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Policy advisers research – your help needed

Vice Chancellors are increasingly looking towards professional policy advisers to help them navigate the changing higher education landscape and implement reform within their own institution. Richard Brabner is conducting some new research in to this emerging profession for the Leadership Foundation, and needs the assistance of wonks across the UK in responding to a survey to better understand these roles.
This article is more than 6 years old

Richard is Director of the UPP Foundation.

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In 2010 the “Lighthouse Group” – an informal network of policy advisers and executive officers* working in UK institutions was established. At the first meeting there were fewer than 10 institutions represented, the Group now has over 50 members. Vice Chancellors are increasingly looking towards professional policy advisers to help them navigate the changing higher education landscape and implement reform within their own institution.

The role of the policy adviser can vary widely, depending on the nature of the institution and personality of its leader. Duties can include gatekeeper, public affairs, speechwriter, and “fixer” (i.e. making sure faculties and schools follow the strategic direction of the institution). The growth of policy advisers in the UK follows the model in the United States, where ‘Presidential Assistants’ have been in post since the early 1980s. Indeed, in the US there is a fully formed professional association called the National Association of Presidential Assistants in Higher Education (NAPAHE), which attracts hundreds of delegates to its annual conference. For more information on this role, Mark Leach wrote about policy advisers in 2012, and it is well worth a read.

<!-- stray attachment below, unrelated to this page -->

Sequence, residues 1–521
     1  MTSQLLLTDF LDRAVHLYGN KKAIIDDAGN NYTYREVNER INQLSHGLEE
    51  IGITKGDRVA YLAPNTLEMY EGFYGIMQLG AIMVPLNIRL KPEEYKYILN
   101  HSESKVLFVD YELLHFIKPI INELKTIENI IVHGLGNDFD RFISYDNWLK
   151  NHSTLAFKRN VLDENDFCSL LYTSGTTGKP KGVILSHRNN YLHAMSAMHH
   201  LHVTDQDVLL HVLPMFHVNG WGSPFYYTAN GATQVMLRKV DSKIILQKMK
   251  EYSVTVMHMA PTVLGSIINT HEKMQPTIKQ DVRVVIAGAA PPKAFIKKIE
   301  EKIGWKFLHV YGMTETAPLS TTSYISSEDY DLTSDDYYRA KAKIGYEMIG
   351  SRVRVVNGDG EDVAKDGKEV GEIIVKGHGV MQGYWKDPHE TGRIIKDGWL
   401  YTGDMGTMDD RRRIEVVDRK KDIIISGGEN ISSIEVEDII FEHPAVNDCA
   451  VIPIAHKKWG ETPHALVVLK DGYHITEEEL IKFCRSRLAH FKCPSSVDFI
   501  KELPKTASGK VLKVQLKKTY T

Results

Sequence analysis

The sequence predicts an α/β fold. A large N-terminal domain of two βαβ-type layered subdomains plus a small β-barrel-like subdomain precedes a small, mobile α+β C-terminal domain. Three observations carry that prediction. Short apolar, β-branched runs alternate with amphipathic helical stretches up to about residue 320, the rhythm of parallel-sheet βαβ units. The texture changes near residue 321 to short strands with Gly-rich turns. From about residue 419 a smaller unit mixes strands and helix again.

Whilst Vice-Chancellor’s are, in increasing numbers, relying on policy advisers there has been little focus (other than Mark’s article) on why they have emerged and what they do. As a result, I have been commissioned by the Leadership Foundation to write a stimulus paper on the role of ‘policy advisers’ in higher education institutions.

This paper will look to establish the following:

  • Why and how these roles have recently emerged
  • How these roles contribute to supporting leadership (roles and responsibilities)
  • The characteristics of the role (where policy advisers sit within an institution, pay grades etc)
  • Future development of the role

This paper will be based on research from a survey of people in these roles, and qualitative interviews of policy advisers and VCs.

This is where the Wonkhe community can help! If you undertake such a role at a UK HEI, please fill in this survey. It shouldn’t take longer than 20-30 minutes and by contributing to this research, you will help the our community better understand the nature of the role and the challenges it brings. Find the survey here.

Alternatively, if you know someone in this type of role, please forward this survey to them!

*Policy Adviser/Executive Officer are common job titles for the newish role that tend to be (but not exclusively) within VC’s offices. Other job titles often include Chief of Staff, Head of Policy, Senior Executive Advisor to the Vice-Chancellor etc.

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